Height 28.50 inch. Width 32.25 inch.
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This oil on canvas shows the wounded Nelson on his quarterdeck supported in the arms of an officer and two sailors whilst the battle rages around them. Captain Thomas Masterman Hardy brings news of the Battle of Trafalgar, pointing his sword at the stern of a surrendering French ship. In the foreground two gunners continue their bombardment, crouching beside the Admiral’s discarded hat and sword. English, 1805.
This vivid image might be considered the earliest artistic reaction to the death of Nelson at the Battle of Trafalgar on 21 October 1805, news of which reached London in early November. Aware of its commercial possibilities, painters and their engravers in London had eagerly awaited details of this seismic event. However, it seems none was quicker to his canvas than Samuel Drummond, a seaman turned artist who, familiar with life in a British warship, grabbed the chance to steal a march on his rivals. Drummond would return repeatedly to this profitable subject over the next twenty years, yet it appears that this is his very first and, in many ways, most interesting effort. Urgently sketched in oils, the painting contains telling errors hurriedly discarded as more accurate accounts of the action filtered back to England with returning officers.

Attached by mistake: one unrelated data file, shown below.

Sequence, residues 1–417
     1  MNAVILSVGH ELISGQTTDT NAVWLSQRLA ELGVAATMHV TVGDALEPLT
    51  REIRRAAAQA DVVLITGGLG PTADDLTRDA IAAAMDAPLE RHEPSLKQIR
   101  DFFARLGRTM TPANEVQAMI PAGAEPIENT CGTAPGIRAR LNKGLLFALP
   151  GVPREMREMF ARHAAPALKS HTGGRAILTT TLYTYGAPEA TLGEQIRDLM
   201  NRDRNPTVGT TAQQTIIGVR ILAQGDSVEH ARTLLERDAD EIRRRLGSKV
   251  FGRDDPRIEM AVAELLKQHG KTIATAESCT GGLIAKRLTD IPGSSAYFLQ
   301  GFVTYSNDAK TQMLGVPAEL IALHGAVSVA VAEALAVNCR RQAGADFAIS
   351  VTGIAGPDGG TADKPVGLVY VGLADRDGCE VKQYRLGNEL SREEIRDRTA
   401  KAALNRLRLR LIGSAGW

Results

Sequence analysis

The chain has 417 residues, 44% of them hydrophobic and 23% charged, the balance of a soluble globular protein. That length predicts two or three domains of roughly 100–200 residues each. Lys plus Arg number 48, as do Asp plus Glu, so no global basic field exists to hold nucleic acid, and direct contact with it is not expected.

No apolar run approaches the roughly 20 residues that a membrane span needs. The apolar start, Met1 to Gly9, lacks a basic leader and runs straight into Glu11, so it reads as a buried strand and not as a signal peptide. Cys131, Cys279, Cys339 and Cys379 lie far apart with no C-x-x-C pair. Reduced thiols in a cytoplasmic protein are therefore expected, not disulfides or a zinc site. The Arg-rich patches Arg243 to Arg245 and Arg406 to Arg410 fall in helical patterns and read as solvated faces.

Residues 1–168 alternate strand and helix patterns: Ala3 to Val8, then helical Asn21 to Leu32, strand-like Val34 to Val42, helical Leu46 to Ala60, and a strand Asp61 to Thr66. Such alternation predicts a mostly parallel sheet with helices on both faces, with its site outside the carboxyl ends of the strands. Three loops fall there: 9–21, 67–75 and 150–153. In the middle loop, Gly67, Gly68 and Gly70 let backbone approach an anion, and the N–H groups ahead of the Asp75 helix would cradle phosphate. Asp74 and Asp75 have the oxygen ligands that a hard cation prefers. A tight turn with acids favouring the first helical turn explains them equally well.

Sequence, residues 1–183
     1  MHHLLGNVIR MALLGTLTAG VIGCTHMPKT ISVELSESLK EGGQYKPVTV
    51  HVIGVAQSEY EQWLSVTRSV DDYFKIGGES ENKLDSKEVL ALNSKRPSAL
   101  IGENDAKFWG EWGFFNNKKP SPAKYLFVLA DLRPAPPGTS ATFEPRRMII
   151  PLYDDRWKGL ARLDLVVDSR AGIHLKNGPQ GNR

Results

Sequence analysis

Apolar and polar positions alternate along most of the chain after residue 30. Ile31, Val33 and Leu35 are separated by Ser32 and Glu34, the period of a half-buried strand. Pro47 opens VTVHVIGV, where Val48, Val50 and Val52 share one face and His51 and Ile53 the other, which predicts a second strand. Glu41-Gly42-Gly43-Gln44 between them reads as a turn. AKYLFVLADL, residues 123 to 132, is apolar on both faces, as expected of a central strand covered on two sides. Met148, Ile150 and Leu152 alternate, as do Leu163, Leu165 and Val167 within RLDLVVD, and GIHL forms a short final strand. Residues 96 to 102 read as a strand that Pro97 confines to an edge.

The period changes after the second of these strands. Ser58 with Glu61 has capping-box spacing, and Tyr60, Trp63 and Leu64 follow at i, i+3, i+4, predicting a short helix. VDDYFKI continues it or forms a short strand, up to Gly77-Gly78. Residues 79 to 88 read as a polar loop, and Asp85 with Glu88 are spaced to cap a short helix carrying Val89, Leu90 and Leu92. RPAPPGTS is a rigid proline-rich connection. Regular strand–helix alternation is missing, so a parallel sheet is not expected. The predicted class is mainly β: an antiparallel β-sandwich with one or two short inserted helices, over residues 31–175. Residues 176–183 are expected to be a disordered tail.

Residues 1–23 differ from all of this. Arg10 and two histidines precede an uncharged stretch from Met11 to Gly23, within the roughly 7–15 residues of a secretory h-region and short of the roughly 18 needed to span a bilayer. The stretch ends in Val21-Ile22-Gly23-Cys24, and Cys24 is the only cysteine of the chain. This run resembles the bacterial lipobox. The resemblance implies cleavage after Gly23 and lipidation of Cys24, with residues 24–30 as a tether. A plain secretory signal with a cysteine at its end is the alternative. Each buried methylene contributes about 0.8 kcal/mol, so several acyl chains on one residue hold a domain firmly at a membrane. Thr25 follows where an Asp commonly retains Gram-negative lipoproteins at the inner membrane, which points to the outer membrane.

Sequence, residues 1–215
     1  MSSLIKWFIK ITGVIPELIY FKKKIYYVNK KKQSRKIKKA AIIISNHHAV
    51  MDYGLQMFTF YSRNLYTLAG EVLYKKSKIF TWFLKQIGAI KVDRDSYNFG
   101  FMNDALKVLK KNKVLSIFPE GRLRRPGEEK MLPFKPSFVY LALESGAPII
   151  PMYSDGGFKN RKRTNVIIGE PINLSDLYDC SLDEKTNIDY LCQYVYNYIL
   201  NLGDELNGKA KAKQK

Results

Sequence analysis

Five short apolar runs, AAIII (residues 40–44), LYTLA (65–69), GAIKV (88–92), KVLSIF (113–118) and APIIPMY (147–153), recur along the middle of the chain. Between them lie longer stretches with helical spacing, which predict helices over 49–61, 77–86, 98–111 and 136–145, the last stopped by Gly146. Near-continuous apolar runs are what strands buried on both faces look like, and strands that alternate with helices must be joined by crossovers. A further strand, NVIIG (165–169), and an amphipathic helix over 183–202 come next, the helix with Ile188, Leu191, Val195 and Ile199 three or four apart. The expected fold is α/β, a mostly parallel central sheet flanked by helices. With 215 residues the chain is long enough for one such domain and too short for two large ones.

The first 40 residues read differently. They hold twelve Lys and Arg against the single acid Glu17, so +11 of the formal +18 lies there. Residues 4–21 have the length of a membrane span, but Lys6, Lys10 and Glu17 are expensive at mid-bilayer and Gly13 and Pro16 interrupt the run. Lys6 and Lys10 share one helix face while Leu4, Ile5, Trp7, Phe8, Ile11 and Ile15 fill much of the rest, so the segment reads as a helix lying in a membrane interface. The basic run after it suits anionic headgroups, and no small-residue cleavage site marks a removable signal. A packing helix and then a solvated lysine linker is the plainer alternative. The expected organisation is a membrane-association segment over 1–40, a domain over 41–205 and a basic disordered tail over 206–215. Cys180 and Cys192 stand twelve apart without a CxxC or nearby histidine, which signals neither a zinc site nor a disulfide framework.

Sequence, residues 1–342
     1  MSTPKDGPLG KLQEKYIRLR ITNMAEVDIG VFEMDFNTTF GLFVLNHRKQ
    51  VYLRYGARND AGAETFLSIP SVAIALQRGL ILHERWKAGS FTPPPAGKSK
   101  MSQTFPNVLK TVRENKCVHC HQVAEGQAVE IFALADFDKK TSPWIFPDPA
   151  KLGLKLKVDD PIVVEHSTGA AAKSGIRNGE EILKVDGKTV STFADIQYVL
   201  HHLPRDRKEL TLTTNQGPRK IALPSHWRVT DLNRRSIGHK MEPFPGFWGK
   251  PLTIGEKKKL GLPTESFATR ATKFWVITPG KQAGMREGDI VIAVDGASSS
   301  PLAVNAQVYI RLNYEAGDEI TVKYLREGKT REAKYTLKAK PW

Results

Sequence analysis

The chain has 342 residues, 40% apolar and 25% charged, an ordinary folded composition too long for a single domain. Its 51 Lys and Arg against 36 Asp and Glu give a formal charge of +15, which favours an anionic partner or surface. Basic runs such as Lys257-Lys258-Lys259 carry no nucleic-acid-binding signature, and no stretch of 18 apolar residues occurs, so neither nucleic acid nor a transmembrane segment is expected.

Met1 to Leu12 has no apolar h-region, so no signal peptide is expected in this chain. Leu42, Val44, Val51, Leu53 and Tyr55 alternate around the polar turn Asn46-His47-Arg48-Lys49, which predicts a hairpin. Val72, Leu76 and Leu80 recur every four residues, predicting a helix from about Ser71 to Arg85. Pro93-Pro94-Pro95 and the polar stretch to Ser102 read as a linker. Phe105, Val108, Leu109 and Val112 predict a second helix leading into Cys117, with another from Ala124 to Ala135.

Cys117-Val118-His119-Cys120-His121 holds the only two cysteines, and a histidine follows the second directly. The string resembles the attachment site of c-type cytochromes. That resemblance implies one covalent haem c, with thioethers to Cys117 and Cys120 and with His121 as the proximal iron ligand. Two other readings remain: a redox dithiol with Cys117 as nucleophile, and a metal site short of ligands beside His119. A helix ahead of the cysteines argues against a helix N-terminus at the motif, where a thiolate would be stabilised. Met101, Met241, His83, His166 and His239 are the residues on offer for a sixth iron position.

Self-taught and from rebellious origins – his father had distinguished himself in the Jacobite cause – Drummond was often at odds with the artistic establishment. John Constable referred to him as ‘the king of a Pot House, [with] such low habits & notions that he seemed unfit to be associated with men of rank’. Yet he carved out a successful reputation in portraiture assisted by a natural facility but also by his speed of working which could see him complete a portrait in oils at one sitting, at low cost to his customers. Prior to Trafalgar, he exhibited many portraits at the Royal Academy including of naval officers such as Captain Sir Sidney Smith (1795) and Admiral Sir John Borlase Warren (1798). In 1813, he would show a portrait of Nelson’s daughter Horatia indicating a connection with her mother Emma, Lady Hamilton, who may have accepted this representation of the death of her lover. Not withstanding modest commercial success in portraiture, it was as a history painter that Drummond wished to be remembered despite having no patrons and lacking a formal education. Trafalgar offered him the perfect opportunity. Aged fourteen, Drummond had gone to sea in the merchant service although it was claimed he also saw action with the Royal Navy during the American War. His experience had already been recalled for a series of dramatic shipwreck paintings, including The Drowned Sailor (exhibited 1804), and it gave his depiction of the death of Nelson a vital, visceral credibility lacking in the efforts of his competitors.
Provenance: Provenance: Private collection, Somerset.
Exhibitions: Probably Royal Academy, London, Summer 1806 (catalogue number 505), as Sketch for a death of Lord Nelson.
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